Are we a Culture of Liars?
In the aftermath of the Lance Armstrong fraud perpetrated on the entire world we have to question whether everyone lies. Has it become so ingrained in our national psyche that lying has become the right way to behave?
I watched the Katie Couric interview a week ago Thursday and saw Manti Te'o commit a common lie. Katie asked whether he was truthful about his relationship with Lennay Kekua and Manti responded he never lied because whenever he was asked if he had ever met her, he skirted the issue. He admits to being less than forthcoming. But, a lie by omission is still a lie.
We say it is wrong to lie our kids and claim we don’t do it ourselves, yet lying is common, used to get out of tight situations, and part of the narcissistic behavior pattern that has enveloped Americans during the past twenty years or so. It has become part of our self-esteem – who we are and what we believe in. We live in a society where deception is thought of as nothing wrong. So what if we take advantage of others so long as it advances our own self-interests.
Liars think they have good reasons to lie, or good intentions. But the people being deceived don’t necessarily feel that way. I always tell my students that lying is wrong on many levels not the least of which is you are using people for your own personal gain. It goes against the basic “Golden Rule” that we should treat others the way we want to be treated. No one wants to be lied to so why should we lie to others?
On a practical level once we begin to lie or cover-up, we begin the slide down the proverbial ethical slippery slope where one lie leads to another and we struggle to get our story straight and consistent when we are questioned about our actions. This is the classic way police detectives catch criminals. They ask them to repeat their stories many times and in different ways to respond to probing questions. It’s hard to remember the initial lie and subsequent cover-ups, but not so with truthful statements.
"People do it because it works," said Robert Feldman, dean of social and behavioral sciences at the University of Massachusetts in Amherst and a leading researcher on the psychology of lying. "We get away with lies all the time. Usually they're minor: 'I love your tie.' 'You did a great job.'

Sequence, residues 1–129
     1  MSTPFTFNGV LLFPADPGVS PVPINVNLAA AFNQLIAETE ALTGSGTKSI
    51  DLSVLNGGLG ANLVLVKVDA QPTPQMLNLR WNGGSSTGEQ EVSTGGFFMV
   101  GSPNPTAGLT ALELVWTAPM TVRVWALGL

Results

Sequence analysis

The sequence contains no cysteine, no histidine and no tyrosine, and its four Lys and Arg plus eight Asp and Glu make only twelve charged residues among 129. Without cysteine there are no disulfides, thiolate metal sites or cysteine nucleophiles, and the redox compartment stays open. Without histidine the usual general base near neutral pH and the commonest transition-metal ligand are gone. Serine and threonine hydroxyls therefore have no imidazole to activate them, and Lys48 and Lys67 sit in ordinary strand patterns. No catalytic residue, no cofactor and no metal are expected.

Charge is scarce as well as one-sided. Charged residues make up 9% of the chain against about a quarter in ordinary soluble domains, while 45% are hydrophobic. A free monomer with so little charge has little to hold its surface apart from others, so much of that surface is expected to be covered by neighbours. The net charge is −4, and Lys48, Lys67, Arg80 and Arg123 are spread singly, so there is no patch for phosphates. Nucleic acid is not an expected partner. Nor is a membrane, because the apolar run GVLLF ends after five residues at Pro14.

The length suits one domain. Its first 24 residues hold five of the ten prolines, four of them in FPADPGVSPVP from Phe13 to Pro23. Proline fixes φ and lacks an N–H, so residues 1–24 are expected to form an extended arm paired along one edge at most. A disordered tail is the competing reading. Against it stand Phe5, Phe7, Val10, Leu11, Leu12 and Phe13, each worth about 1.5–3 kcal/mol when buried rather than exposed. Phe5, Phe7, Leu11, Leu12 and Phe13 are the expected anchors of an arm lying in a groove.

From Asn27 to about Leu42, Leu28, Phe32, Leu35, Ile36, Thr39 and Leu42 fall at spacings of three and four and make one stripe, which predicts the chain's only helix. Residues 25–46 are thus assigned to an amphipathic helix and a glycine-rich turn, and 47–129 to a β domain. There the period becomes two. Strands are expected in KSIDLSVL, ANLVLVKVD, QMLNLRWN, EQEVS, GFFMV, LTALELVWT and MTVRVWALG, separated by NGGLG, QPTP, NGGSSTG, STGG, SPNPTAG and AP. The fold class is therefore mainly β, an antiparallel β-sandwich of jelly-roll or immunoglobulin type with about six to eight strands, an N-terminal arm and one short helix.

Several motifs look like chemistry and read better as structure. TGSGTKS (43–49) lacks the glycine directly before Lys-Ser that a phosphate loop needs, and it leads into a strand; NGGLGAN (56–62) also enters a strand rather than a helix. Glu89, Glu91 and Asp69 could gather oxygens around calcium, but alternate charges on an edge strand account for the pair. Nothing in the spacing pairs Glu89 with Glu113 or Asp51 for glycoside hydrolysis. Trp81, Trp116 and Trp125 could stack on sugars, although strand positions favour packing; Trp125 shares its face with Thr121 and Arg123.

“The reality is, people lie all the time — ‘I love the report you gave,’ for instance — and tell you what you want to hear. Most of us lie, and most of us don’t get caught. If others hadn’t come forward, I’m sure Lance Armstrong still be living the lie.”
According to Feldman, Bill Clinton is a prime example of a public figure who lied to protect himself — by denying he had sexual relations with White House intern Monica Lewinsky — and later, after confessing, reclaimed some vestige of his credibility and moral standing. Clinton is now one of the country’s most admired public figures, if by no means universally beloved.
The popular television show House features a character who always tells people “everyone lies.” The statistics seem to bear this out. A variety of studies have been conducted about lying. One that was published in the Journal of Basic and Applied Social Psychology found that during a 10-minute conversation between two strangers, 60% lied at least once. Those liars told an average of two to three fibs.
According to a 2012 Gallup poll, 43 percent of Americans rate the country’s state of moral values as “poor,” and 73 percent indicate it’s getting worse. Dishonesty, deception, and integrity (or lack thereof) are part of the problem, respondents said, along with loss of religious faith and a breakdown in family structure.
Moral philosopher and author Sissela Bok, whose books include “Lying: Moral Choice in Public and Private Life,” agrees that lying is prevalent throughout this society and others, often starting with small steps and at a young age. Step by step, the lies can build to what seems like the point of no return.
From a liar’s perspective, “You’re very optimistic about not getting caught,” adds Bok. “Also, you think you have good reasons to lie, or good intentions. But the people being deceived — investors, public citizens, whoever — don’t necessarily feel that way.”
So ask yourself whether you, too, lie all the time. Do you tell people what they want to hear rather than the truth? Do you deceive by obfuscating the truth? Do you lie by omission?
Here are five common forms of lying in serious matters:
- The potential worker who lies on his/her resume to get a job or get ahead
- The husband who says he is working late when he is having an affair
- The worker who takes long-term disability for a serious injury, only to be found puttering around the golf course
- The guy who says his car broke down because he is late for work
- The dog who ate your homework.
Lying has become endemic to our society. Perhaps the best way to deal with it is to assume whatever a person says to us when questioned about a serious matter that the opposite is true.
Blog posted by Steven Mintz, aka Ethics Sage, on February 1, 2013